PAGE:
So the clubs will have them for roughly 14 games just before Xmas and beyond. Local players earn a contract (with the Ulster Branch) through performances at club level while perceived gaps in talent are filled by overseas (Irish and non-Irish backgrounds). Most of the current squad were retained from last year with only Stewart getting selected on the basis of his Ballymena club displays. The seven new faces are Nelson, Free, Constable, Henderson, Stewart, Boyd (originally from Ulster) and Campbell.

The squad cannot be added to during the season except in the case of injuries such as now with the loss of Dion O’Cuinneagain and Allen Clarke. Ulster may have one gap left for either of these positions. The provincial squads are limited in numbers – unlike the Welsh, French and English clubs – with a set wage structure that someone like Peter Muller would not get togged out for. Even Ulster’s international players won’t earn near what he is on, hence the attraction of the mainland.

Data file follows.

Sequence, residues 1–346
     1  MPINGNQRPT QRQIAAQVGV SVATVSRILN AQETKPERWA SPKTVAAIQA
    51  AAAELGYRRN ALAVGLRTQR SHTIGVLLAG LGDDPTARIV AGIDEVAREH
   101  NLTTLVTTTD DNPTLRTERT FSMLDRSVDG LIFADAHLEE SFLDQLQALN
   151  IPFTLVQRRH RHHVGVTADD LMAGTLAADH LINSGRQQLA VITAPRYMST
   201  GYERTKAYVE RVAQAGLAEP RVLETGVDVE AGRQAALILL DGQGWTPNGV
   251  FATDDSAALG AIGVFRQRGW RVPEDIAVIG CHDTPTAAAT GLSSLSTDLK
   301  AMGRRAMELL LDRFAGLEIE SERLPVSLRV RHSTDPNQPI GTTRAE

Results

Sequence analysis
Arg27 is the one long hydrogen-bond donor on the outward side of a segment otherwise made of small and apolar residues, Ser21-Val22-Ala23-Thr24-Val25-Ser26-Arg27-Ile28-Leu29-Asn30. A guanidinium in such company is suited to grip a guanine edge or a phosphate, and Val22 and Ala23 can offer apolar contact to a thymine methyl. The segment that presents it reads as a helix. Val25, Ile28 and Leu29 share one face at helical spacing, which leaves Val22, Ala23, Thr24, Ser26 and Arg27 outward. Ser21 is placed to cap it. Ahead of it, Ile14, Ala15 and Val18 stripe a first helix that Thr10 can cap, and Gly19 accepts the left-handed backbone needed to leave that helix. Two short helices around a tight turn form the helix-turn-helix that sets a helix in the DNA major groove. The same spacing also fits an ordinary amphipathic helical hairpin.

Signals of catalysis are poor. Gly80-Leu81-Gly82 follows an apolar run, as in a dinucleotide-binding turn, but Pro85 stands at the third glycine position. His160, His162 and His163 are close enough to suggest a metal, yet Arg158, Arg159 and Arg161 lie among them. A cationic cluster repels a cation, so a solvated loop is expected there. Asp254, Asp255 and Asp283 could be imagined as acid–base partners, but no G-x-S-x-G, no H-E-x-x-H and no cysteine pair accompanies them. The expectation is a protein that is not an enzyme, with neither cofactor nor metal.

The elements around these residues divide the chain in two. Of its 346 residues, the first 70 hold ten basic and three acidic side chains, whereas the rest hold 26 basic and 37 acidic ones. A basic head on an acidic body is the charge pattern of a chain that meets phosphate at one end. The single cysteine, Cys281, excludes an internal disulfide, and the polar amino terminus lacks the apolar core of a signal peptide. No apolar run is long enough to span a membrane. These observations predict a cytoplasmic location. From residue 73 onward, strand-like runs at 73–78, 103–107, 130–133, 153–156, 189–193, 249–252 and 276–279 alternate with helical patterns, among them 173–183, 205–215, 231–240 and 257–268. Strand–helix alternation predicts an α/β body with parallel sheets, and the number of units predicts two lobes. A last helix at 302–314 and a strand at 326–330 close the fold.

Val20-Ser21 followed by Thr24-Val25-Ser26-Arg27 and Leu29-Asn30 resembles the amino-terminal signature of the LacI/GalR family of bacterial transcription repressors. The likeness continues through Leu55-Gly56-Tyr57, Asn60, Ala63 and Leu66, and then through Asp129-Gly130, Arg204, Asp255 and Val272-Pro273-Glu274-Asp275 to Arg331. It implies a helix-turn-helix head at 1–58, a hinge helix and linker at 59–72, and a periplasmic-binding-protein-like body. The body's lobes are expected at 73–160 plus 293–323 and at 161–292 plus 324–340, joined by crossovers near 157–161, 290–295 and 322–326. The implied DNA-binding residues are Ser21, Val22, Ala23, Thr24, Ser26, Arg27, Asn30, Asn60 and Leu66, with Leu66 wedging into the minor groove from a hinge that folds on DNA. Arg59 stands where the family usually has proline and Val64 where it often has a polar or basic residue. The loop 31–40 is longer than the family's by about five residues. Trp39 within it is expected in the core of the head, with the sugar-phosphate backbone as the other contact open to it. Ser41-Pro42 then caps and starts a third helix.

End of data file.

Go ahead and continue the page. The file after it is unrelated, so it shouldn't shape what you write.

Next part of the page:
For the record, the Interprovincial Cup starts on September 1st when Ulster take on Munster. Only when these fixtures start will we get a better idea of the relative strengths of the provinces ….

Thanks to Alistair at the unofficial site of Ulster RFC for helping us put this short introduction together.

A new stadium?

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Despite the news that Cardiff city have recently received a cash injection to improve their stadium, how long will it be before we are considering a move to the Bay with our footballing neighbours and a new stadium amongst the mud flats?